Tech Council Study: Frederick Data Center Project Represents $41M in Annual County Tax Revenue, 1,700 Jobs

Study: Quantum Frederick data center project represents an investment of nearly $30 billion in Frederick County, supporting high-paying jobs for thousands of Marylanders while significantly augmenting both local and state-level tax revenues.

The technology sector is driving tremendous demand for more computing and storage capacity. Data centers – the facilities that house the computers and equipment that power the information needs of the modern economy – are in high demand.

According to a new study from Sage Policy Group commissioned by the Maryland Tech Council, Quantum Loophole’s planned data center campus in Frederick County will generate $41 million in County tax revenue per annum and another $197 million for the State of Maryland each year, in addition to supporting approximately 1,700 jobs upon project completion.

In June 2021, Quantum Loophole, Inc. acquired over 2,100+ acres of land in Frederick County, Maryland. This site was formerly known as the Alcoa property and is identified as a growth area in the Livable Frederick Master Plan (LFMP). Quantum Loophole is the developer of the first-of-its-kind, master-planned data center community, Quantum Frederick.

Construction began in 2022, but the Maryland Department of the Environment in May revoked Quantum Loophole’s environmental management plan, citing numerous work and environmental concerns. In addition, the Maryland Public Service Commission failed to grant an exemption that would have allowed for the installation of 168 mission-critical backup diesel generators at the site.

In response to the PSC decision, Aligned Data Centers, which planned to build four data centers on Quantum Loophole’s campus, announced it would not proceed with the project. In a letter to the PSC, Aligned warns “that the Commission’s initial decision and order on rehearing have sent a negative – and perhaps fatal – signal to the hoped-for data center industry in Maryland.”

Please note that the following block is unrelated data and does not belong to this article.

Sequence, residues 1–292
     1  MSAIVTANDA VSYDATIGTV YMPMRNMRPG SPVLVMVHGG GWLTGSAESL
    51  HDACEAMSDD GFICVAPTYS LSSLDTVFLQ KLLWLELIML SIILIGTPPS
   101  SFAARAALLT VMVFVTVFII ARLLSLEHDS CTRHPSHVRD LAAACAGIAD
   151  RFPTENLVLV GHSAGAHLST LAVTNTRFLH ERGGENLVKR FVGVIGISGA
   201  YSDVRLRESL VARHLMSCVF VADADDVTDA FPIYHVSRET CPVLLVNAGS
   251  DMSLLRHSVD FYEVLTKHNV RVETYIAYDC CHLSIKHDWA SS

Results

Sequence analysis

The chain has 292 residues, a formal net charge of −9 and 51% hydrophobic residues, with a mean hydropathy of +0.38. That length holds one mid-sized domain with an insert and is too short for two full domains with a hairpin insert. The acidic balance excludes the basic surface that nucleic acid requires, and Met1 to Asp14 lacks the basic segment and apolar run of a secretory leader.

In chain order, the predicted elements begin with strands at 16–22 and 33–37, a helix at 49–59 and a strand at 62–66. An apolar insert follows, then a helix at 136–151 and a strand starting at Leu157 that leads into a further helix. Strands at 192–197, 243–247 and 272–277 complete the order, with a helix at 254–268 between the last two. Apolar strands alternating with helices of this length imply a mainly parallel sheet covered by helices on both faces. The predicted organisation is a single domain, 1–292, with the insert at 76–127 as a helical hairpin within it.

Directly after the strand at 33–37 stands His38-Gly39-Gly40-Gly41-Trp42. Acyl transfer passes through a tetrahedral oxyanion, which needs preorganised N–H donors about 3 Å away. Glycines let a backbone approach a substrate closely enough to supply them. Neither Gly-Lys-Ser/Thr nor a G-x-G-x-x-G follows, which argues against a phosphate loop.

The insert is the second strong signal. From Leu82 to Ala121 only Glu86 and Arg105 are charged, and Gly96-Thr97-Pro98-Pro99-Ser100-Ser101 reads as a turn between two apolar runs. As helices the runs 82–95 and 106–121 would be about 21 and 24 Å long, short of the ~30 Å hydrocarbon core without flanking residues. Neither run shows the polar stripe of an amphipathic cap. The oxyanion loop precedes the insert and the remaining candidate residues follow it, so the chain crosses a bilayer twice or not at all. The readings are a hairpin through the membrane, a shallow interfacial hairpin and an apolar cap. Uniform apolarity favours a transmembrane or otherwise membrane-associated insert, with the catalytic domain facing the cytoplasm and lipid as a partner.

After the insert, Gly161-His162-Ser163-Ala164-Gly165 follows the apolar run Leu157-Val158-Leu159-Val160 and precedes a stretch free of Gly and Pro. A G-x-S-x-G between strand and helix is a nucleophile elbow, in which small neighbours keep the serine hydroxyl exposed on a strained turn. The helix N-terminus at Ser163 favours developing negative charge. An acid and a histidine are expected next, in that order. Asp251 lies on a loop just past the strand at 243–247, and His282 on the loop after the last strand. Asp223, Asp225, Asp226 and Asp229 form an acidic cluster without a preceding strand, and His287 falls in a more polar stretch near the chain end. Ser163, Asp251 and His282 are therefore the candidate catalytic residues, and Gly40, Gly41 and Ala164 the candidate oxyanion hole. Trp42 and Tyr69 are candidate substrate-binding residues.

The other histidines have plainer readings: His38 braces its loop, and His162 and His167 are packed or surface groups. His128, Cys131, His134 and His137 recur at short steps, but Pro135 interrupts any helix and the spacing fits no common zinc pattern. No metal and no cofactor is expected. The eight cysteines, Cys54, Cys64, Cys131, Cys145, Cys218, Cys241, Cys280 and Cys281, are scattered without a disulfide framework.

According to The Frederick News-Post, Kelly Schulz, the CEO of the Maryland Tech Council, said that the study’s job and tax revenue estimates are not affected by Aligned’s decision not to proceed with its project.

While she said she believes Aligned’s decision won’t stop any future data centers from coming to Maryland, “it definitely puts up a red flag when it … appear[s] that policy leaders are not on the same page.”


“The data center business is a new industry that is being created in Maryland, and we have an opportunity to make sure that it’s done well,” said Schulz, who was secretary of commerce and labor under Gov. Larry Hogan. “We should not, as a state, do things that are gonna put up artificial barriers to businesses that want to come to do business in our state.”

Local governments, just like the State, have a vested interest in economic development. Local economic growth creates jobs and increases salaries, expanding the tax base both locally and statewide.

As such, in 2020, MACo successfully supported legislation to enable tax incentives to increase Maryland’s competitiveness as a host of data centers, as the clustering of data centers, related businesses, and skilled workers could lead to additional infrastructure investments, including expanding high-speed internet service to underserved areas of the state.

Stay tuned to Conduit Street for more information.

Technology infrastructure is a rising component of commercial growth across our region and beyond. What would it take for Maryland to rival our neighboring states as hosts for data centers and similar facilities – and who’s holding the cards in this high-stakes competition? At the 2023 MACo Winter Conference session, “Cards on the Table: Bringing Data Centers to Maryland,” an expert panel will discuss the many considerations for these specific commercial uses that frequently require highenergy volume, backup generation capacity, and further considerations.

Learn more about MACo’s Winter Conference: